Estimation of the diaphragm neuromuscular efficiency index in mechanically ventilated critically ill patients
SourceCritical Care, 22, 1, (2018), article 238
Article / Letter to editor
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SubjectRadboudumc 0: Other Research RIHS: Radboud Institute for Health Sciences; Radboudumc 0: Other Research RIMLS: Radboud Institute for Molecular Life Sciences; Radboudumc 18: Healthcare improvement science RIHS: Radboud Institute for Health Sciences; Radboudumc 2: Cancer development and immune defence RIMLS: Radboud Institute for Molecular Life Sciences; Radboudumc 4: lnfectious Diseases and Global Health RIHS: Radboud Institute for Health Sciences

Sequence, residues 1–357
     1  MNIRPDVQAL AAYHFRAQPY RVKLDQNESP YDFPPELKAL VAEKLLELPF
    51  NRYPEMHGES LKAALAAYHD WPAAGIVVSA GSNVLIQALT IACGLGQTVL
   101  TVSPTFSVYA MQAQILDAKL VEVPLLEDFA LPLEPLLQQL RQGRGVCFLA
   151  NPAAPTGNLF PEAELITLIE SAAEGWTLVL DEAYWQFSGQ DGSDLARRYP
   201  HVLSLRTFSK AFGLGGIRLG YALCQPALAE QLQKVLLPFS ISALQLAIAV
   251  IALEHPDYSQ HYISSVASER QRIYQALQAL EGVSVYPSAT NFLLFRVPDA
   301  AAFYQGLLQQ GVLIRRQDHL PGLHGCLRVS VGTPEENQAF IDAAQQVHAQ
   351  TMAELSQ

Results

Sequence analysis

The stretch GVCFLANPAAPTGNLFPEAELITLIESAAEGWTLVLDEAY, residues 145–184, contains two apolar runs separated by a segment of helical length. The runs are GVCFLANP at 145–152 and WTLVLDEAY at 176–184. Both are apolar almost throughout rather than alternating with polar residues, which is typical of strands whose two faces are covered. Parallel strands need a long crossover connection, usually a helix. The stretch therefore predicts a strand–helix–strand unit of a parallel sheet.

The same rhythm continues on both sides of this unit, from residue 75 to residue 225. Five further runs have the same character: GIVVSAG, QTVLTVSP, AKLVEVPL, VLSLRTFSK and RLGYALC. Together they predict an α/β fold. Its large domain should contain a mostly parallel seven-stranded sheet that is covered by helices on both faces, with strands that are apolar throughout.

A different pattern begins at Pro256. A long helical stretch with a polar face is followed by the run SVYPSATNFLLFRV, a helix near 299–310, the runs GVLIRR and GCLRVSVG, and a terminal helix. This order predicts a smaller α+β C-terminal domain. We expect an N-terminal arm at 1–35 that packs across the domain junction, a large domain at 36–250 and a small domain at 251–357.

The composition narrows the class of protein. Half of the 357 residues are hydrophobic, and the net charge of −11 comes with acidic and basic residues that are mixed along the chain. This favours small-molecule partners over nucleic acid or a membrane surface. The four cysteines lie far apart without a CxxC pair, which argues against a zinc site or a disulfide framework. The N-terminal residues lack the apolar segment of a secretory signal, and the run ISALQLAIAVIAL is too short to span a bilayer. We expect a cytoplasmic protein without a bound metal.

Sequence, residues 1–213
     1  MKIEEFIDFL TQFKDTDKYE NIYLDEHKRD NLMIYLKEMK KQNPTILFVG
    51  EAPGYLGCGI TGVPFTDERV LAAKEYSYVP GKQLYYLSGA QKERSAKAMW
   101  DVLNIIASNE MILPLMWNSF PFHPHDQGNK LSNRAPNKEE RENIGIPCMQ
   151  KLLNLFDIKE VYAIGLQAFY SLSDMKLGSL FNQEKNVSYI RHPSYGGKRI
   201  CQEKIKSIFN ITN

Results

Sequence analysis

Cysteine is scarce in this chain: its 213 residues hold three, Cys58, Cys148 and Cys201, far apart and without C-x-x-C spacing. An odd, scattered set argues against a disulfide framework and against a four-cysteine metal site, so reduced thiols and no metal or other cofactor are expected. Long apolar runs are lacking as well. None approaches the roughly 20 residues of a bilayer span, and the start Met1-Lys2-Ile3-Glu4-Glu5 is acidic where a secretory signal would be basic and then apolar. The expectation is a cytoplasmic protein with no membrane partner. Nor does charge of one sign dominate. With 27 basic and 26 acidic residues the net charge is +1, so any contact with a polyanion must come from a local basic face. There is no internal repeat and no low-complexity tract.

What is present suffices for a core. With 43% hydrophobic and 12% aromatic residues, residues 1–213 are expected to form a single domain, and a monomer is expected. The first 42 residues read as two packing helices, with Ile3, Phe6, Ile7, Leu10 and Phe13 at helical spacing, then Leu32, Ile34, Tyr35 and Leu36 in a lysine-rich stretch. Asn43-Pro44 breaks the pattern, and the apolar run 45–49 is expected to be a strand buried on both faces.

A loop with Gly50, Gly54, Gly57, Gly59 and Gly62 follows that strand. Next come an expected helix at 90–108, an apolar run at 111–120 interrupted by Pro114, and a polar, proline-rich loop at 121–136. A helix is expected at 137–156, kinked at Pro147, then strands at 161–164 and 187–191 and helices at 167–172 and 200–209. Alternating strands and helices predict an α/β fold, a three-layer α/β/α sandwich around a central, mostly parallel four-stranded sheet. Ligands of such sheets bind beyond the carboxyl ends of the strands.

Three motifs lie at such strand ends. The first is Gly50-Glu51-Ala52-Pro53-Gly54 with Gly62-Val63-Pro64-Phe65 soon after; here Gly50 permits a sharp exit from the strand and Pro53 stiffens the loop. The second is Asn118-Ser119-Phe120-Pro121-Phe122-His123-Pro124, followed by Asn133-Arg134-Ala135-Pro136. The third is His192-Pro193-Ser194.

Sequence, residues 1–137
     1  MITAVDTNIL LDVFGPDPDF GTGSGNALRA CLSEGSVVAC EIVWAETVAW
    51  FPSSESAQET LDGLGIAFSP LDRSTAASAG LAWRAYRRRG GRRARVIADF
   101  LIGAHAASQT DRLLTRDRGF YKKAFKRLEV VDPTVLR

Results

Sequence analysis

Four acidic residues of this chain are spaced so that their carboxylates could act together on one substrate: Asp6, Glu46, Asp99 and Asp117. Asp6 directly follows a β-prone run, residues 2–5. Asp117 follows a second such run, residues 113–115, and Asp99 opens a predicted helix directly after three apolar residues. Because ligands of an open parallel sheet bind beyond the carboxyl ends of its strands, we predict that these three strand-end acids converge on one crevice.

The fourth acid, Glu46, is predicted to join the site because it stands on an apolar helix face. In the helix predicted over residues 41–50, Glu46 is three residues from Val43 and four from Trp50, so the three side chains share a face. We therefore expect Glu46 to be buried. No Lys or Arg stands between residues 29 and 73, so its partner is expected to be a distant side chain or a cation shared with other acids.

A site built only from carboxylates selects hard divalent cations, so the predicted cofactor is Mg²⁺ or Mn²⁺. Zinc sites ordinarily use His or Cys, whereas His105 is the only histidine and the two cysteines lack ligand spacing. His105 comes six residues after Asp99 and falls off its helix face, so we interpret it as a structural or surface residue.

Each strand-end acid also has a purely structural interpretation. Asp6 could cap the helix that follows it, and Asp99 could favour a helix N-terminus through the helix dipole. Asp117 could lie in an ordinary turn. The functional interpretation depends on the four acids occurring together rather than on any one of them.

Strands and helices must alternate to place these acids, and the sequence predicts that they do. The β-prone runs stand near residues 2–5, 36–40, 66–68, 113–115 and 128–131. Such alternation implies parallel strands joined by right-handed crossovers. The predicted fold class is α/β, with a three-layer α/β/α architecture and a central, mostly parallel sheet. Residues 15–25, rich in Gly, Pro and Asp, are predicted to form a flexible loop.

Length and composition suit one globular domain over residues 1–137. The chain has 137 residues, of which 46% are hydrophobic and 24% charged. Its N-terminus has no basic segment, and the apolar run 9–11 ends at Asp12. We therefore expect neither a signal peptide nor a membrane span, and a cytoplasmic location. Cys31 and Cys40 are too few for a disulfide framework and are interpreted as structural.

BACKGROUND: Diaphragm dysfunction develops frequently in ventilated intensive care unit (ICU) patients. Both disuse atrophy (ventilator over-assist) and high respiratory muscle effort (ventilator under-assist) seem to be involved. A strong rationale exists to monitor diaphragm effort and titrate support to maintain respiratory muscle activity within physiological limits. Diaphragm electromyography is used to quantify breathing effort and has been correlated with transdiaphragmatic pressure and esophageal pressure. The neuromuscular efficiency index (NME) can be used to estimate inspiratory effort, however its repeatability has not been investigated yet. Our goal is to evaluate NME repeatability during an end-expiratory occlusion (NMEoccl) and its use to estimate the pressure generated by the inspiratory muscles (Pmus). METHODS: This is a prospective cohort study, performed in a medical-surgical ICU. A total of 31 adult patients were included, all ventilated in neurally adjusted ventilator assist (NAVA) mode with an electrical activity of the diaphragm (EAdi) catheter in situ. At four time points within 72 h five repeated end-expiratory occlusion maneuvers were performed. NMEoccl was calculated by delta airway pressure (DeltaPaw)/DeltaEAdi and was used to estimate Pmus. The repeatability coefficient (RC) was calculated to investigate the NMEoccl variability. RESULTS: A total number of 459 maneuvers were obtained. At time T = 0 mean NMEoccl was 1.22 +/- 0.86 cmH2O/muV with a RC of 82.6%. This implies that when NMEoccl is 1.22 cmH2O/muV, it is expected with a probability of 95% that the subsequent measured NMEoccl will be between 2.22 and 0.22 cmH2O/muV. Additional EAdi waveform analysis to correct for non-physiological appearing waveforms, did not improve NMEoccl variability. Selecting three out of five occlusions with the lowest variability reduced the RC to 29.8%. CONCLUSIONS: Repeated measurements of NMEoccl exhibit high variability, limiting the ability of a single NMEoccl maneuver to estimate neuromuscular efficiency and therefore the pressure generated by the inspiratory muscles based on EAdi.
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